We’ll be adding their bios and more details to the Yuba Lit site soon.  Hope you can join us on Thursday, May 19th, at The Open Book in Grass Valley.  As always, the $5 admission will benefit the Bear Yuba Land Trust.

March Yuba Lit to Feature Sri Lankan Novelist Nayomi Munaweera, with Dimitri Keriotis and Ben Preston

The fourth installment of the Yuba Lit community reading series on March 17th will feature acclaimed novelist Nayomi Munaweera, whose just released second-novel, What Lies Between Us, has already been named one of the most anticipated books of 2016 by publications like BuzzFeed and Elle Magazine. Born in Sri Lanka but now living in Oakland, Munaweera will be joined by Grass Valley’s very own Dimitri Keriotis, author of the short story collection The Quiet Time, and Nevada City writer and musician Ben Preston, who has recently finished a novel, All the World Drowning.

In addition to our three featured readers, audience members are encouraged to bring a page or a poem for our opening flash readings. Any audience member who brings a poem or a page will be given a raffle ticket; five readers will be drawn from the raffle, and given the mike for three minutes each to read their work.

Yuba Lit starts at 7 p.m. on Thursday, March 17th at The Open Book, 671 Maltman Dr., Grass Valley. The $5 cover, payable in cash at the door, benefits the Bear Yuba Land Trust. Locally produced wine from Szabo and Sierra Starr wineries will be served.

Yuba Lit’s March Readers:

Nayomi Munaweera

NAYOMI MUNAWEERA was born in Sri Lanka, and grew up in Nigeria. She emigrated with her family to the United States in her early teens, and now lives in Oakland, CA. Her first novel, Island of a Thousand Mirrors, won the 2013 Commonwealth Book Prize for the Asian Region and was longlisted for the 2012 Man Asian Literary Prize. Booklist called Island of a Thousand Mirrors “a breathtaking work of lyrical prose and vivid, transporting imagery.” Munaweera’s new novel, What Lies Between Us, follows a teenage Sri Lankan immigrant, and has already been featured on BuzzFeed’s and Elle Magazine’s “Best of 2016” lists.

Headshot Dimitri Keriotis

Grass Valley resident DIMITRI KERIOTIS published his debut collection of short stories, The Quiet Time, with SFA Press. Novelist Benjamin Percy has called Keriotis “a talented, deeply empathetic writer who chronicles everyday lives in crisis” and called The Quiet Time “a moving collection of stories.” His work has appeared in Beloit Fiction Journal, Georgetown Review, Evening Street Review, Flyway, BorderSenses, and elsewhere. Raised in Northern California, Keriotis served as a Peace Corps Volunteer in Zaire and Bolivia, and now teaches English at Modesto Junior College. He co-coordinates the High Sierra Institute and teaches creative writing at San Francisco State’s Sierra Field Campus.

Ben Preston

Nevada City writer BEN PRESTON was raised in Wisconsin and spent several years in Japan before moving to California. He works as a teacher and musician, and is currently finishing his first novel, All the World Drowning, the story of a lonely child in rural Wisconsin discovering whether he has the gift of prophecy his father claims, and navigating an increasingly surreal life of visions, drugs and new-age cults. Preston has published book of poems, titled A Life Feral, and produced two albums of original music with his band, The Bluetail Flies.

Yuba Lit is produced and hosted by Nevada City memoirist and fiction writer Rachel Howard.  If you’d like to volunteer or join our mailing list, please email Rachel at rachel (dot) howard (at) gmail (dot) com.  You can learn more about Rachel at www.rachelhoward.com.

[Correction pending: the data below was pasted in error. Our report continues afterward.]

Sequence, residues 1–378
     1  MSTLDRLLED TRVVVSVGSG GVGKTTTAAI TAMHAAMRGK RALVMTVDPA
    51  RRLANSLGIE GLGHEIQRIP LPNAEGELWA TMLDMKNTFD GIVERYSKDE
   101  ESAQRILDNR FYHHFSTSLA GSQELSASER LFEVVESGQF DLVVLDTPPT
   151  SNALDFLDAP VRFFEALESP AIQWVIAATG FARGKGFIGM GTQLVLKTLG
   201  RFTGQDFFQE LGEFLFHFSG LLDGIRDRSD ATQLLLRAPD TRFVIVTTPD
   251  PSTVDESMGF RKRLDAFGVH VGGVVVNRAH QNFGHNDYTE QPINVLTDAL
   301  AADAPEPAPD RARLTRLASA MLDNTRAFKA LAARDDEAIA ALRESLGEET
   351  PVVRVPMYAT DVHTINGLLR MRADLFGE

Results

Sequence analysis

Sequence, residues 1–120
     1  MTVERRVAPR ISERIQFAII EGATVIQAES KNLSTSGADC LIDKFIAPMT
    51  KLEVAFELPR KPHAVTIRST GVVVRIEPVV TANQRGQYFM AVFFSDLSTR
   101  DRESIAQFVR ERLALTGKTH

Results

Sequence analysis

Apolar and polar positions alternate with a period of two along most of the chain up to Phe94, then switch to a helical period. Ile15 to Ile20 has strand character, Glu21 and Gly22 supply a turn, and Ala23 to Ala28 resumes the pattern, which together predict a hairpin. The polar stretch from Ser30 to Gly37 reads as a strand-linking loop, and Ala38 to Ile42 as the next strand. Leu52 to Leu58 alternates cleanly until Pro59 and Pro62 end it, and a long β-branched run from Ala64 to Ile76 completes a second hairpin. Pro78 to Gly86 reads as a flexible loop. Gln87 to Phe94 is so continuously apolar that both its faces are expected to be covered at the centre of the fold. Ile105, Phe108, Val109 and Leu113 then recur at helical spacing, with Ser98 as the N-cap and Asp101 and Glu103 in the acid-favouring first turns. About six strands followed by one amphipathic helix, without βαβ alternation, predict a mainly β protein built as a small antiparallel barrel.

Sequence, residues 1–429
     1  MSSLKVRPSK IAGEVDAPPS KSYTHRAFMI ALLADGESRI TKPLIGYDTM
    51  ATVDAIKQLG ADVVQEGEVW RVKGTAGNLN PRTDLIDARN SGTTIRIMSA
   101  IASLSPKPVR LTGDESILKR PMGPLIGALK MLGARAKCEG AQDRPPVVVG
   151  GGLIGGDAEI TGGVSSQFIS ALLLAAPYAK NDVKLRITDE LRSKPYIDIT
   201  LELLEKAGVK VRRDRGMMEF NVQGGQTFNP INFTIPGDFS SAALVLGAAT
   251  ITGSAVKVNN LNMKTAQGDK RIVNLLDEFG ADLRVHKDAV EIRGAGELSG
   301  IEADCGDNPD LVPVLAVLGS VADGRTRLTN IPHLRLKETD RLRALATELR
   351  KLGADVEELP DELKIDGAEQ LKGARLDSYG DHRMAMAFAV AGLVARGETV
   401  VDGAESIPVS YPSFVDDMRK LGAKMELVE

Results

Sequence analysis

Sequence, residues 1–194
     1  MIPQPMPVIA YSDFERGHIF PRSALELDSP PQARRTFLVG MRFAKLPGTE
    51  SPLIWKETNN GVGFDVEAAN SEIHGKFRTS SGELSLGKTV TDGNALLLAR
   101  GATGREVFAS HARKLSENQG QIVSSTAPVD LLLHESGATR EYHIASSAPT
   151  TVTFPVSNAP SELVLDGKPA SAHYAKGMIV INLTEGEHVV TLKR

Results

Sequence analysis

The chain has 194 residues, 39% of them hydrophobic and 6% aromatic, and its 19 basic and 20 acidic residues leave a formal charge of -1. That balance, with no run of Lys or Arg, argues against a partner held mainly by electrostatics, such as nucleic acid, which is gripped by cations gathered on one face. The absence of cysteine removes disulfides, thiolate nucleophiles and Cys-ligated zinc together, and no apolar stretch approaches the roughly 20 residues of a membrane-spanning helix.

Thanks to our home venue, The Open Book, and to Szabo and Sierra Star wineries.  Visit www.bylt.org to learn more about the trail building and conservation efforts of the Bear Yuba Land Trust.

Please join us to celebrate great writing in the Sierras at Yuba Lit!

Rave Reviews for Third Yuba Lit

Great thanks to the more than 60 literature lovers who came to the third Yuba Lit, featuring poet Indigo Moor, novelist Josh Weil, and emerging memoirist Cris Mulvey.  I think it’s safe to say the readers held the room entranced; quiet “oohs” and “aahs” could be heard throughout the readings at the most rhythmic lines and arresting images.  We had our fun, too, mingling during intermission with local Sierra Starr and Szabo wines, holding a contest for “most romantic” title to be found among the used books sold by our host venue, The Open Book (the winner: The Agony and the Ecstasy!).   And we raised more than $250 for the Bear Yuba Land Trust.

Some unsolicited morning-after audience feedback:

“Another stunning night.”

“I have been attending the bimonthly readings sponsored by Yuba Lit and have been very impressed by high caliber work, the diverse readers, and your delightful introductions.”

“I’ve just come home from the reading on Thursday night and want quickly to thank you for your powers of organizing and bringing into being a memorable evening of nourishment expressed in the hard work (and humor!) of writers we may not otherwise have come to know. It was a fabulous selection, the proverbial feast.”

March and May Yuba Lits are already in the works.  Please save the date for these lineups:

Thursday, March 17th, 7 p.m.

  • Nayomi Munaweera, Bay Area-based author of the acclaimed novel Island of a Thousand Mirrors, and the about-to-be-released novel What Lies Between Us, set in Sri Lanka and San Francisco
  • Dmitri Keriotis, Grass Valley resident and author of The Quiet Time, a collection of stories
  • Emerging Nevada City fiction writer Ben Preston

Thursday, May 19th, 7 p.m.

  • Jordan Fisher Smith, Nevada City author of Nature Noir: A Park Ranger’s Patrol in the Sierra, and his new book, Engineering Eden: The True Story of a Violent Death, a Trial, and the Fight over Controlling Nature 
  • Ernest J. Finney, award-winning author of seven books of fiction, most recently Elevation: 6,040, set in Sierra and Nevada Counties in the 1980s